Shelly Yachimovich
Shelly Yachimovich Photo by Olivier Fitoussi
Text size
related tags

A new Knesset study on income derived from capital shows stark disparities, with 60% of the country's income from capital assets going to the wealthiest 10 percent of households, while less than 20% goes to the least affluent 70% of households.

The report by the Knesset Research and Information Center, which will be

distributed to members of the Knesset today, also underlines the potential tax revenue that the state could collect if it imposed an inheritance tax on these assets when their wealthy owners die. It was commissioned by three MKs, including Labor Party leader Shelly Yacimovich, who is sponsoring a bill that would impose an inheritance tax on the wealthiest estates.

The report deals not with wages paid as salaries to citizens of the country but rather additional income from investments or other assets held in large part by the country's wealthiest citizens. Income from capital can come from financial assets or from real estate and can include rental income, interest on savings and income from investments.

A look at income from capital assets earned by the self-employed and by corporation managers reveals an even starker picture of inequality. Among this group, the top 10% earn 87% of income generated from capital and the top 1% benefits from more than 64% of the total income from capital.

In light of this, a proposed inheritance tax that is being touted by Yacimovich might cause the country's wealthiest citizens to lose some sleep if it is passed. The bill would have the state collect taxes ranging from 5% to 12% on estates of more than NIS 15 million. The legislation also has the support of Knesset Economic Affairs Committee chairman Carmel Shama-Hacohen (Likud ), Zevulun Orlev (Habayit Hayehudi ) and Marina Solodkin (Kadima ). The Knesset Research Center report was prepared at the request of Yacimovich, Amir Peretz of the Labor Party and Zahava Gal-on of Meretz.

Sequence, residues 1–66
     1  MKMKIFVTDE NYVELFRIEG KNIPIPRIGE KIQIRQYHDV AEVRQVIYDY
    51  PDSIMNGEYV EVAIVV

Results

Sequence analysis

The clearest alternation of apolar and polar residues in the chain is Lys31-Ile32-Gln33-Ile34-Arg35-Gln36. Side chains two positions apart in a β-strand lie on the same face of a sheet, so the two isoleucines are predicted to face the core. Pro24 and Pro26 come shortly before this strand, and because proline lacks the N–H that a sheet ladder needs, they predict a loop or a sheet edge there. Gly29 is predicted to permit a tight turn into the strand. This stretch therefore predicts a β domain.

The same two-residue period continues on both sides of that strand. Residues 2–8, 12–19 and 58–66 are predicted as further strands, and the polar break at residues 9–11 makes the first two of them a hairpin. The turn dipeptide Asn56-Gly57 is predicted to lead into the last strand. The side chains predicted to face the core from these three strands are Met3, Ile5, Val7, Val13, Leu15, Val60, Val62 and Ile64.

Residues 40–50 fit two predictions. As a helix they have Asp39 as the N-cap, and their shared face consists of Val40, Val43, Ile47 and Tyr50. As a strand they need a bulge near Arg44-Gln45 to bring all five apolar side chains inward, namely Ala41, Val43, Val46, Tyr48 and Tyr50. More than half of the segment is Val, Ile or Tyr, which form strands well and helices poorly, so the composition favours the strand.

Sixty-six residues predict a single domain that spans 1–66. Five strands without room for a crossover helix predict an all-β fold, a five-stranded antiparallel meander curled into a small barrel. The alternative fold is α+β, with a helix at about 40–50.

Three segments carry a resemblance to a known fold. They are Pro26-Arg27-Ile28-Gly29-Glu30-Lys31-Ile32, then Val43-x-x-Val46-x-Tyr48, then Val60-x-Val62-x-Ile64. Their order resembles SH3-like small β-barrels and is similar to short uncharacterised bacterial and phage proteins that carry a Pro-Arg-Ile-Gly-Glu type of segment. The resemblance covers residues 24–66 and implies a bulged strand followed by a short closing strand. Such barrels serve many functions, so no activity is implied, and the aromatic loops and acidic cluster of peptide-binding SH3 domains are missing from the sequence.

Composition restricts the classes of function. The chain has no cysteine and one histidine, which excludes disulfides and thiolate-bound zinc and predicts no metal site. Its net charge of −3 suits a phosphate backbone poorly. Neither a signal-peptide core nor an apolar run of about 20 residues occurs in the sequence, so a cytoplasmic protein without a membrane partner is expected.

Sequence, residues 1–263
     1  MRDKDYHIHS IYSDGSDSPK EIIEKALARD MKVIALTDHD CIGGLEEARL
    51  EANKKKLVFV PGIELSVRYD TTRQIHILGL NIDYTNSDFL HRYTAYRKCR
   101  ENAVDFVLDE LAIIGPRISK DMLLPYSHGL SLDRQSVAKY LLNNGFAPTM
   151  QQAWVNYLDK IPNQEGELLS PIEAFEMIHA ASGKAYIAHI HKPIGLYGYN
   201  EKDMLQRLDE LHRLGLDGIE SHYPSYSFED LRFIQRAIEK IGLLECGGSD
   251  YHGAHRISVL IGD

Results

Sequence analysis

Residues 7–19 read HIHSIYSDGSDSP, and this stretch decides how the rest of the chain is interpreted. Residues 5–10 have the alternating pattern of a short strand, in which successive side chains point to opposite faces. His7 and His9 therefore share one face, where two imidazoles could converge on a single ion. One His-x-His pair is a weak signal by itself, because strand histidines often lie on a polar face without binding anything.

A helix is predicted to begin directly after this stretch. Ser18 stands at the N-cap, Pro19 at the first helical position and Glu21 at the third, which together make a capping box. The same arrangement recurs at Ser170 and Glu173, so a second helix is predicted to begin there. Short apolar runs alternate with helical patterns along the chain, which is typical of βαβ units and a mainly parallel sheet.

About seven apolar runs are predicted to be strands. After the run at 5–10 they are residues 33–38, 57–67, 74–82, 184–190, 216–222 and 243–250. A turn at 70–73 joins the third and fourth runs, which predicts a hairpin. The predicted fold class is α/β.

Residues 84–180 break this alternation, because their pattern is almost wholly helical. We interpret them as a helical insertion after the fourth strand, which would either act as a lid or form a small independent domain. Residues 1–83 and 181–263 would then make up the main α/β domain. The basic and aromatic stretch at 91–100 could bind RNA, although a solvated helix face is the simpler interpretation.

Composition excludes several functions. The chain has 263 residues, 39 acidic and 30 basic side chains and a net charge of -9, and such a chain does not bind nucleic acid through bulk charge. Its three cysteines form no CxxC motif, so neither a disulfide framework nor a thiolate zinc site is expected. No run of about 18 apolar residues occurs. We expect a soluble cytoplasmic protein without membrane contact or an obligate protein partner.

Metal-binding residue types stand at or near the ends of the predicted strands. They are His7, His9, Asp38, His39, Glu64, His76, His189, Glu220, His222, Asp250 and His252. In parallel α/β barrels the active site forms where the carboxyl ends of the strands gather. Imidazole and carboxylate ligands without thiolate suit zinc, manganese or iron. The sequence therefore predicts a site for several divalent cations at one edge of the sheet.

At a time when there is growing concern about the country's widening budget deficit, the MKs who receive the Knesset Research Center's report will surely be interested in the document's projection that an inheritance tax could generate an additional NIS 2.1 billion to NIS 3.7 billion a year in revenue to state coffers. This is no small sum when one considers that an increase in 1% in the value added tax would be expected to generate NIS 4 billion a year.

Because the poorest households hold little in the way of capital assets, the disparities between the poorest and wealthiest Israelis as measured by income generated from capital assets is especially great. Among the poorest Israelis, there simply is usually no income from such assets while among the top 10%, where overall monthly income is nearly NIS 40,000, average income from capital is NIS 3,000 or more. Ironically, therefore, the income from capital among the wealthiest Israelis exceeds total income among the poorest among us.

And when it comes to real estate holdings, the social disparities are also huge. The value of the average home owned by the poorest 10% of Israelis is NIS 688,000 while that of the wealthiest 10% of households averages NIS 2.2 million. The top 20% of Israelis as measured by wealth own housing worth half of the value of the entire housing stock in the country, while the lower 50% own just 20% of the value of housing.

But when it comes to ownership of capital assets, it is actually the numbers regarding non-real estate assets where the largest social disparities come to the fore. The wealthiest 30% of Israelis own 80% of the country's financial assets.